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the nation and its Government in a vague charge. But all this is only preliminary matter, on which the English press has not dwelt with much emphasis, feeling perhaps the difficulty of a complete and decisive defence.

“ Proceeding to the question of the right which England had to recognize the Confederates as belligerents, the American Case admits that this right is incontestable, although the Federal Government has not always held that tone. It sees, however, a proof of hostility in the circumstances under which, and the manner in which, England exercised the right. The British contention, in reply, is that the Queen’s proclamation of neutrality was published at the instance of the partisans of the North, and in the interests of the North, and that the proclamation was determined by the news of President Lincoln's proclamation of a blockade and enrolment of militia, two facts which, it has been held by the American Supreme Court, constituted a formal declaration of war. The British Government could not then, it is answered, have deferred pronouncing its neutrality, issuing its immediate instructions to its agents in every port, and warning its subjects of the risk to which the war must expose them. Then, having decided on observing a strict neutrality, England was compelled to grant the Southern privateers the same treatment as those of the North.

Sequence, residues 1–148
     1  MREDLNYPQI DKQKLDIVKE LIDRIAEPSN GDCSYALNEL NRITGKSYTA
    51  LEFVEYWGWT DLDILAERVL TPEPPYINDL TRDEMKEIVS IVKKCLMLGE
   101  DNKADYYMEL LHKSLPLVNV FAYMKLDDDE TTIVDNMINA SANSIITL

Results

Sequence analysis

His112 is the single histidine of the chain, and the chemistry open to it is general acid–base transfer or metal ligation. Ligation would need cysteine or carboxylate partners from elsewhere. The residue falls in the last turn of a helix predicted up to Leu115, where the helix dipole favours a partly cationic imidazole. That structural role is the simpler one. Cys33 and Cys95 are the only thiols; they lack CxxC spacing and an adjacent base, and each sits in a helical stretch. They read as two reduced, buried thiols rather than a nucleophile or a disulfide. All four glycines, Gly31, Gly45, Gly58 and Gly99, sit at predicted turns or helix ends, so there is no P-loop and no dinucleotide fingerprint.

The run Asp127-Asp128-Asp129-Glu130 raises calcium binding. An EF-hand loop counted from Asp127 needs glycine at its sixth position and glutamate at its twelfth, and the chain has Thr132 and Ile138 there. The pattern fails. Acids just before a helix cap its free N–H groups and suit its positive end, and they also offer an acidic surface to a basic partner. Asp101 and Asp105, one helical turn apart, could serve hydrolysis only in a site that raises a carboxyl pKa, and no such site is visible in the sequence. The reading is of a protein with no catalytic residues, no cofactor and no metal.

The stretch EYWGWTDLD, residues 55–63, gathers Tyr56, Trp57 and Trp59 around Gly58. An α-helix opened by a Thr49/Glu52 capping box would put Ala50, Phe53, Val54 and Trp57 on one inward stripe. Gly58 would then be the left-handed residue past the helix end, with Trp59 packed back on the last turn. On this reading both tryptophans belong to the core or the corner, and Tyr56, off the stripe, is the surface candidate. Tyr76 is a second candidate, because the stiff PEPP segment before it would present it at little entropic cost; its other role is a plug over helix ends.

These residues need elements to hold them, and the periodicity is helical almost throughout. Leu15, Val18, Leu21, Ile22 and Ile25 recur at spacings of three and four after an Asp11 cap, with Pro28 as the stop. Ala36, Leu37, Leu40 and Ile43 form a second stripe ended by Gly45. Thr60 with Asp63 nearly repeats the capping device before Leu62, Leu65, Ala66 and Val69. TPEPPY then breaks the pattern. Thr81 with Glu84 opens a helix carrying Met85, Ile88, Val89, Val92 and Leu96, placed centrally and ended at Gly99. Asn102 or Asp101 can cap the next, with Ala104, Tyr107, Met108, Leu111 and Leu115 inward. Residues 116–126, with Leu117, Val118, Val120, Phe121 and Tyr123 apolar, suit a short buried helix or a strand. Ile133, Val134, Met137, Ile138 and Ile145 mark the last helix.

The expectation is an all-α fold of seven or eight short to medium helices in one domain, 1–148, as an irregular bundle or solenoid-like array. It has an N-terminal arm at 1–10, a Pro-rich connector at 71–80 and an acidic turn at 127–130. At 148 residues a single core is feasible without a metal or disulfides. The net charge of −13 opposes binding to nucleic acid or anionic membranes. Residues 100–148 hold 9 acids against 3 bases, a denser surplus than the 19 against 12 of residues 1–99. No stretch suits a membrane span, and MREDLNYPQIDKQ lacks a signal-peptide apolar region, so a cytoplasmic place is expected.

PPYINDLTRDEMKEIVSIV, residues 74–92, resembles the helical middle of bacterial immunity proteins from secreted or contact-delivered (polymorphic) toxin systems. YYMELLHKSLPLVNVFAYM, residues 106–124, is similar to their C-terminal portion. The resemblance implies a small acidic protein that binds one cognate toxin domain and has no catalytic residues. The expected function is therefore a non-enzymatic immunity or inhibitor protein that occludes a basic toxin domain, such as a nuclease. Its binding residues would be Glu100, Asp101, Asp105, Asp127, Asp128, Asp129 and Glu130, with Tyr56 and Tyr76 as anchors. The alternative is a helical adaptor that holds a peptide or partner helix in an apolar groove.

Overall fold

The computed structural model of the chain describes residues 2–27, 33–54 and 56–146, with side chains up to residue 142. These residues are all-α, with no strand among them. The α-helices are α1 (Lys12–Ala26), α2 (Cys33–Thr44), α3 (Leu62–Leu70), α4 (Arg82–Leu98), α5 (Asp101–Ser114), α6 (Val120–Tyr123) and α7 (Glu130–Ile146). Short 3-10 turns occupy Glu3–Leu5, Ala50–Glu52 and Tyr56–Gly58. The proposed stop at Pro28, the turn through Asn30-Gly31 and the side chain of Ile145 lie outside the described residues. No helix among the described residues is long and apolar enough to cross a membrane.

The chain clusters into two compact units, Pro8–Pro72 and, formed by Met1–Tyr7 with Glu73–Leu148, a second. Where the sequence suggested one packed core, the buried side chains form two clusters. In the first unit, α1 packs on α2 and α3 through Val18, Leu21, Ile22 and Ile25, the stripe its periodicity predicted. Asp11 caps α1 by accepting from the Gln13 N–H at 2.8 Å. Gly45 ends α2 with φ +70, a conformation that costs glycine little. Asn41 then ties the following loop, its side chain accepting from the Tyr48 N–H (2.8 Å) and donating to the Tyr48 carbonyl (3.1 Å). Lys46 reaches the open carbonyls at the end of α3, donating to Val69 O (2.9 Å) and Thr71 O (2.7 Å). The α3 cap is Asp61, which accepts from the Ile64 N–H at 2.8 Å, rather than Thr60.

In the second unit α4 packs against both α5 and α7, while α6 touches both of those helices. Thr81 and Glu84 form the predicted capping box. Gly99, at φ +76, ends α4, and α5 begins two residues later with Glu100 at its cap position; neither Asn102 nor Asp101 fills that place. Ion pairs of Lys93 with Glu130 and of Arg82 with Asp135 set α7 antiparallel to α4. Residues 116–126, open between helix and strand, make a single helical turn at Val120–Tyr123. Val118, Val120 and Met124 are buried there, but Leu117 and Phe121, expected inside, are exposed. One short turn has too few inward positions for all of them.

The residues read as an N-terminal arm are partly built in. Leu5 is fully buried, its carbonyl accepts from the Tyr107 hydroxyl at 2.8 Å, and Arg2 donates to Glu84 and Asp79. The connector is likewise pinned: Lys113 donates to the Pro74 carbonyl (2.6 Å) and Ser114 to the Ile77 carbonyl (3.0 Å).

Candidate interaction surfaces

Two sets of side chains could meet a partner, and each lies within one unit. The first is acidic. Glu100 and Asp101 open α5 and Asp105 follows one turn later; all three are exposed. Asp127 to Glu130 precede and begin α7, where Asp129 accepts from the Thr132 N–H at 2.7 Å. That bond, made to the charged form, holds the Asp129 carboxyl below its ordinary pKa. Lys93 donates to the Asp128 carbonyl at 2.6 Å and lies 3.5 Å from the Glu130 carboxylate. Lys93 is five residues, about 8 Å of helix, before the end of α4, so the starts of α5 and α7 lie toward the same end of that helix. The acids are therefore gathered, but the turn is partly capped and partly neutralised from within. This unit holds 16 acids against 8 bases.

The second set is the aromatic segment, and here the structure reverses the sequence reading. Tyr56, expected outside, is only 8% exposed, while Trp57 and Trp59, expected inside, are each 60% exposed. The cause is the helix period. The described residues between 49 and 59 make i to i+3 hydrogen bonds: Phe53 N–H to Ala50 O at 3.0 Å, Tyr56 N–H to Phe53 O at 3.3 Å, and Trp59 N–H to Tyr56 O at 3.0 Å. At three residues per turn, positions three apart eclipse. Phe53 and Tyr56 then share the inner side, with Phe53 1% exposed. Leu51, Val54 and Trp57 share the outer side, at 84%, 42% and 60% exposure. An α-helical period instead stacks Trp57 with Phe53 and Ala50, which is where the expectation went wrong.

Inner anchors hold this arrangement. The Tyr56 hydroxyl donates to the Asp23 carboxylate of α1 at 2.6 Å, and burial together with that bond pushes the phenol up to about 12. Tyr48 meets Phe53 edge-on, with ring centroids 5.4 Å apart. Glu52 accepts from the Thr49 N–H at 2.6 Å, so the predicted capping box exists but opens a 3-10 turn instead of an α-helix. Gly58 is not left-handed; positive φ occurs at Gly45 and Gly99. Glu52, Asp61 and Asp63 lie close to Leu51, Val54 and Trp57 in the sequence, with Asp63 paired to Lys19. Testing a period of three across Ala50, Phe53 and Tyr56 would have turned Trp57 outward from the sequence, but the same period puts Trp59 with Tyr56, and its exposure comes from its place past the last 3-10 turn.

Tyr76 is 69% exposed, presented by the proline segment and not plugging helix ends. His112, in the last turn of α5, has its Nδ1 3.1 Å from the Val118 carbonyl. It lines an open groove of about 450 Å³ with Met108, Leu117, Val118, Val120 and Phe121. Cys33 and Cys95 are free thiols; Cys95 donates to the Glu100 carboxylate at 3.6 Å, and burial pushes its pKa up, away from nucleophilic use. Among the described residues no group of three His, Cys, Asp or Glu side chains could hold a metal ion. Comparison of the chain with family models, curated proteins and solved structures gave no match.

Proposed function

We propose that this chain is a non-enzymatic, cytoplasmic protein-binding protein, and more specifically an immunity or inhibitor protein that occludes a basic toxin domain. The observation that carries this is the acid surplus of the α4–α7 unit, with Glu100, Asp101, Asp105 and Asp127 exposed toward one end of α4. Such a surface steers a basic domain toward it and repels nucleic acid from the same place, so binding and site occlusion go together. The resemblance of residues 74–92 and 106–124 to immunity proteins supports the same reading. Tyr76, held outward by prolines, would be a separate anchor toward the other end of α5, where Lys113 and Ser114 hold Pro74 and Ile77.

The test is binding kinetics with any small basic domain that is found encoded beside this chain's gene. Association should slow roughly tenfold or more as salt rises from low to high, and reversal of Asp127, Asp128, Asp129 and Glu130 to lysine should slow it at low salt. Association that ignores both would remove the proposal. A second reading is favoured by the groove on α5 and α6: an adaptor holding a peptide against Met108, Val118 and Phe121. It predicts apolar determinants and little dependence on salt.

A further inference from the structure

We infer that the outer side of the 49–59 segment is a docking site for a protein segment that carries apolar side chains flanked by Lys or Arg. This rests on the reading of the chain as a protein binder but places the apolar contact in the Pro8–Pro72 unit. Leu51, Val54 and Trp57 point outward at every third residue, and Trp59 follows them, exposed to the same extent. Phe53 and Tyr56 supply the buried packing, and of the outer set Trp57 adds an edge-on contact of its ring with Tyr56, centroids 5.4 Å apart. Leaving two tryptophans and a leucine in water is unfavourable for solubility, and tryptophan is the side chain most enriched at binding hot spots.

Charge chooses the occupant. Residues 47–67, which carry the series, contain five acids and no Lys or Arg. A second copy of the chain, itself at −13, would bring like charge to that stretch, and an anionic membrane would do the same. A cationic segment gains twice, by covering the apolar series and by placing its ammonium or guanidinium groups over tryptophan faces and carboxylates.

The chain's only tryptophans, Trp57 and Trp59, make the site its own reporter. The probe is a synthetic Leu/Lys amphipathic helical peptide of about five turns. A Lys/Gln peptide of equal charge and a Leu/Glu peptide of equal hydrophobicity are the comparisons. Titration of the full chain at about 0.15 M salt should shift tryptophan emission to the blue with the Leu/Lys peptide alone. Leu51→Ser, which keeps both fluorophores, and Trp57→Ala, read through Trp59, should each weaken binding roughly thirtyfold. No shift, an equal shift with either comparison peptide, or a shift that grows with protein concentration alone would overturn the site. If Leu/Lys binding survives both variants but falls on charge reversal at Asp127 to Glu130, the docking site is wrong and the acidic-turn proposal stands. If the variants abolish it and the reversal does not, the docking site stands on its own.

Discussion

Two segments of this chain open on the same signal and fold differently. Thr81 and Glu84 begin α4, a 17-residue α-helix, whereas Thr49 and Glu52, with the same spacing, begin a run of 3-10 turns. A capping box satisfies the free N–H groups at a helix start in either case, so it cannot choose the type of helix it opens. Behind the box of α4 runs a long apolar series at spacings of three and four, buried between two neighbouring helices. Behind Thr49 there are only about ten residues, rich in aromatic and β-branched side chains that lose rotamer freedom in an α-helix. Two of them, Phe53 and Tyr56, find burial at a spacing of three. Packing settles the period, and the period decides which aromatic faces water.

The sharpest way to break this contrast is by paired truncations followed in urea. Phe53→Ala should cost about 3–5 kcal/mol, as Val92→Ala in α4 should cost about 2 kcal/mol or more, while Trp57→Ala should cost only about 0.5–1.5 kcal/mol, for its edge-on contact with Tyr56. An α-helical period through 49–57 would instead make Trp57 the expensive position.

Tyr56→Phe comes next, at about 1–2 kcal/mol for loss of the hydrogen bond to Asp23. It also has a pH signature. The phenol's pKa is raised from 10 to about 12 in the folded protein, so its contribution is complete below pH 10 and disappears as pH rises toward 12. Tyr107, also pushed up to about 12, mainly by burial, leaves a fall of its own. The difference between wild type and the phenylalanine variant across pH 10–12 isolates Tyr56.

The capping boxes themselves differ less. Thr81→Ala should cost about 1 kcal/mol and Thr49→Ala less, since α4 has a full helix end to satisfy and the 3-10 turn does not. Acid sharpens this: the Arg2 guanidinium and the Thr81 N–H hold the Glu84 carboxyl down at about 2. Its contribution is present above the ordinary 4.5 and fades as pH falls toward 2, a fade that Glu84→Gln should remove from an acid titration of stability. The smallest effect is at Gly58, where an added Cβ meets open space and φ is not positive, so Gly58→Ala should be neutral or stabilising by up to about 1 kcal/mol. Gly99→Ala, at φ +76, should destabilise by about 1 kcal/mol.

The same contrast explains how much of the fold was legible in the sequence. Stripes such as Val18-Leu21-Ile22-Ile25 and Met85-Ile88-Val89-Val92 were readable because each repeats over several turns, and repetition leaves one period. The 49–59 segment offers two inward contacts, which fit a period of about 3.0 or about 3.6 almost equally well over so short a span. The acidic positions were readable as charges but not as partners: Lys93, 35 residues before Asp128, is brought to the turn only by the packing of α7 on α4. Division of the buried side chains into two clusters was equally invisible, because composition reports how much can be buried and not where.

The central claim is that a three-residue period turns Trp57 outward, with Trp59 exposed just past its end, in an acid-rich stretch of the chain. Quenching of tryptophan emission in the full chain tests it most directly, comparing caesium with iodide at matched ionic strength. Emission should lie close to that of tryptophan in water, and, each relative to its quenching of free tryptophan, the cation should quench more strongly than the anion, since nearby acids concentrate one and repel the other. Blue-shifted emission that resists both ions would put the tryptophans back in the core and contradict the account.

“The United States' Case further makes it a charge against Great Britain that she came to an agreement with France as to the mode in which the laws of neutrality were to be carried out, and the Case finds in this concert between the two Powers a new mark of hostile sentiments on the part of England. The answer made to this argument is, that it was absolutely necessary from the moment the war broke out to bring about a common understanding of all the neutral Powers, and that the readiest means for doing this was a preliminary agreement between France and England, whose example and influence were likely to draw along in the same course of policy the other States.